“More Than Tongue Can Tell,” Co-Authored by Paul Miles Schneider and Andrea King herself, is now available exclusively through Amazon.com in paperback and Kindle formats. The book includes personal photographs and letters from Andrea’s past! ORDER NOW by CLICKING HERE!
by Paul Miles Schneider
It’s hard to believe more than two decades have passed since Andrea and I first sat down and talked seriously about writing a book together. First came the interviews, the hours of tape-recorded Q&As where I would race home afterward and write everything down in an outline … in pencil … with real paper—definitely “analog, old-school” back then. I wasn’t starting from scratch with the subject matter, either. From the moment I first met Andrea King in January of 1987, we connected and became the best of friends. I was in my mid-twenties, and Andrea was in her late-sixties. My mother Jo Anna Clift made the introduction, and there was an instant bond between us. Andrea and I shared comparable outlooks, a similar perspective of the arts and creativity, a common curiosity about human nature, and a hopefulness that we could get through life, no matter what. Above all, though, we shared a sense of humor. And that, my friends, is everything. The ultimate survival tool in a world filled with great highs and lows is knowing how to laugh even on the darkest of days.
I think that’s what I remember most about her now. She has been gone since April of 2003, and not a day goes by that I don’t think about her.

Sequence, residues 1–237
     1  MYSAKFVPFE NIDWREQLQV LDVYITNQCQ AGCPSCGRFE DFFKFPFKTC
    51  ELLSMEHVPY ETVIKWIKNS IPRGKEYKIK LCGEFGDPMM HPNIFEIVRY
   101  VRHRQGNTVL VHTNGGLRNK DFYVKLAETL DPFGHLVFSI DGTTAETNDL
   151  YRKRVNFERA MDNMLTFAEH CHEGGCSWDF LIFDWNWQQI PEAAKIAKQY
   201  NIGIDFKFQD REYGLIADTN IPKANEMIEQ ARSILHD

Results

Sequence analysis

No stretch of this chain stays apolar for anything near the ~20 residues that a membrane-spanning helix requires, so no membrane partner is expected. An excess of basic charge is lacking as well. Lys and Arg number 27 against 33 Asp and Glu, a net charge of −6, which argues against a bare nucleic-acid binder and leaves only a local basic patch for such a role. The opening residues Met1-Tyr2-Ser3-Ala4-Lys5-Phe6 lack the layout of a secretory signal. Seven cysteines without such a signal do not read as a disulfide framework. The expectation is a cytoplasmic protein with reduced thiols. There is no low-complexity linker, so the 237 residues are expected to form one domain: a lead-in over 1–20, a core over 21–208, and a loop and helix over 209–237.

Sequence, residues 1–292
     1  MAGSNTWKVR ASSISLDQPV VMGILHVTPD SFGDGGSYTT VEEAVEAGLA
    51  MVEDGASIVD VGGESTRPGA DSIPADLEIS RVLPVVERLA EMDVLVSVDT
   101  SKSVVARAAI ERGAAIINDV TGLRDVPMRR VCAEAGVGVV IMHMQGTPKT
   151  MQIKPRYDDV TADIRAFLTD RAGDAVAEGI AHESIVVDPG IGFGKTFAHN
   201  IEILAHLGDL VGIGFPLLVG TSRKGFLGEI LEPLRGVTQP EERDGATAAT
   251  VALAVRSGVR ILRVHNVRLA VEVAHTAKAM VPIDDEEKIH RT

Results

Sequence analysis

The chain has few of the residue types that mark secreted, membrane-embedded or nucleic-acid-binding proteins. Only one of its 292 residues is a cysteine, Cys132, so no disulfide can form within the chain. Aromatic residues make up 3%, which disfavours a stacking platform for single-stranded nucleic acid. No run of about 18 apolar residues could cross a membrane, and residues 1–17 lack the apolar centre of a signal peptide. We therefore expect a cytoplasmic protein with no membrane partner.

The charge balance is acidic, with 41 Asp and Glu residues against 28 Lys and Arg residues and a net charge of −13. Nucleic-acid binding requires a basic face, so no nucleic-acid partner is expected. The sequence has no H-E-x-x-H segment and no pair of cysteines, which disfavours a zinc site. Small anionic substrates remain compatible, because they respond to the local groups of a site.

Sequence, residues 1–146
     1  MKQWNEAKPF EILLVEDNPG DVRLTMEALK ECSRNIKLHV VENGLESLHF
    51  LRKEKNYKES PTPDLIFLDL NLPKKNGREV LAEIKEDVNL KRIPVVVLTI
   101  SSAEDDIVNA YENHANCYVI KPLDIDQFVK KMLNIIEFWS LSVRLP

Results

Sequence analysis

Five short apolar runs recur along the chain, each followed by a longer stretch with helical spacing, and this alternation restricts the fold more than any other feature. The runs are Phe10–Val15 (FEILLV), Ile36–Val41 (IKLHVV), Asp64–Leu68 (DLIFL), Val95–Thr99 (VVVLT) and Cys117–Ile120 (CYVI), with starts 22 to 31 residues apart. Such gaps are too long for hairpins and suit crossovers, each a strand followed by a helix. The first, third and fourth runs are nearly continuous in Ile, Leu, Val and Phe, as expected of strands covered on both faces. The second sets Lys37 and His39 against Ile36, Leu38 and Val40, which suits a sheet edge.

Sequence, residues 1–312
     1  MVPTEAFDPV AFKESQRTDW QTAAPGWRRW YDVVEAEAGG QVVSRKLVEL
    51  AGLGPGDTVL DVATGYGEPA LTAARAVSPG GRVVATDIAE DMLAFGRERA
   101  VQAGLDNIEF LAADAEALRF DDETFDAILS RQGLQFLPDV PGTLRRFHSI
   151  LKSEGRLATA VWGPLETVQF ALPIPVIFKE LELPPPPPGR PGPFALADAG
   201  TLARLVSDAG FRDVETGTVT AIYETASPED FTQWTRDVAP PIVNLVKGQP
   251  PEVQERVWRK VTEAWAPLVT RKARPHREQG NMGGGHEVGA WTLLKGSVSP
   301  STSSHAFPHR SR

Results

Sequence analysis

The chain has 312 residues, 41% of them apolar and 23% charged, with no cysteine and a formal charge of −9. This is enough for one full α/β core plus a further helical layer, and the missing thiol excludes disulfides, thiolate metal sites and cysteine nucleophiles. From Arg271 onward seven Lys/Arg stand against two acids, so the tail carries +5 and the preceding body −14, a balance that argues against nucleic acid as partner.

We did write our book together. It took us the better part of two years to do it. Andrea’s life was far from ordinary. She had been on Broadway as a teenager in the 1930s and a film star at Warner Bros. in the 1940s. I still see her excellent work on Turner Classic Movies all the time. She also faced darker challenges of a deeply personal nature—alcoholism, rape, and child molestation, to name only a few. Her mother Belle passed away just four months before I met Andrea, and Belle was equally fascinating. She grew up next door to Thomas Edison on a farm in the 1880s, danced with Isadora Duncan in New York, and drove an ambulance on the front lines in World War I. Belle enjoyed her cigars and her scotch, and she lived to be 101 years old. This time span ended up being the framework for our story: a century in the lives of two extraordinary women.
Although Andrea and I gave it a solid shot getting this book published, nothing came from our efforts, and the book never did see the light of day. It was packed away on a shelf, and there it sat, gathering virtual dust, until a few months ago.
I decided to revisit it. After my first two novels were published, I looked for something to do next—a change of course. One day, I thought I would reach into my past instead and read through this story again. It had been a dozen years since I last cracked it open and took the journey with Andrea and Belle. I was surprised at how much I still loved it and how alive Andrea seemed within the pages. She and her mother weren’t perfect people. They made mistakes just like the rest of us, but they persevered, went after their dreams with enormous zeal, and accomplished great things.
So, with that in mind, I dusted off our manuscript, tinkered a little, did another full edit, and now I am releasing it myself, on our behalf. Our book is finally seeing the light of day, thanks to the marvelous developments in self-publishing and this strange new invention called the Internet. Way back in 1990, it was not available to us, but I can now share this incredible story with you. From a sprawling farm in Ohio to the front lines of battle in France to a Hollywood soundstage … it’s all here. And I have to think that Andrea would be thrilled.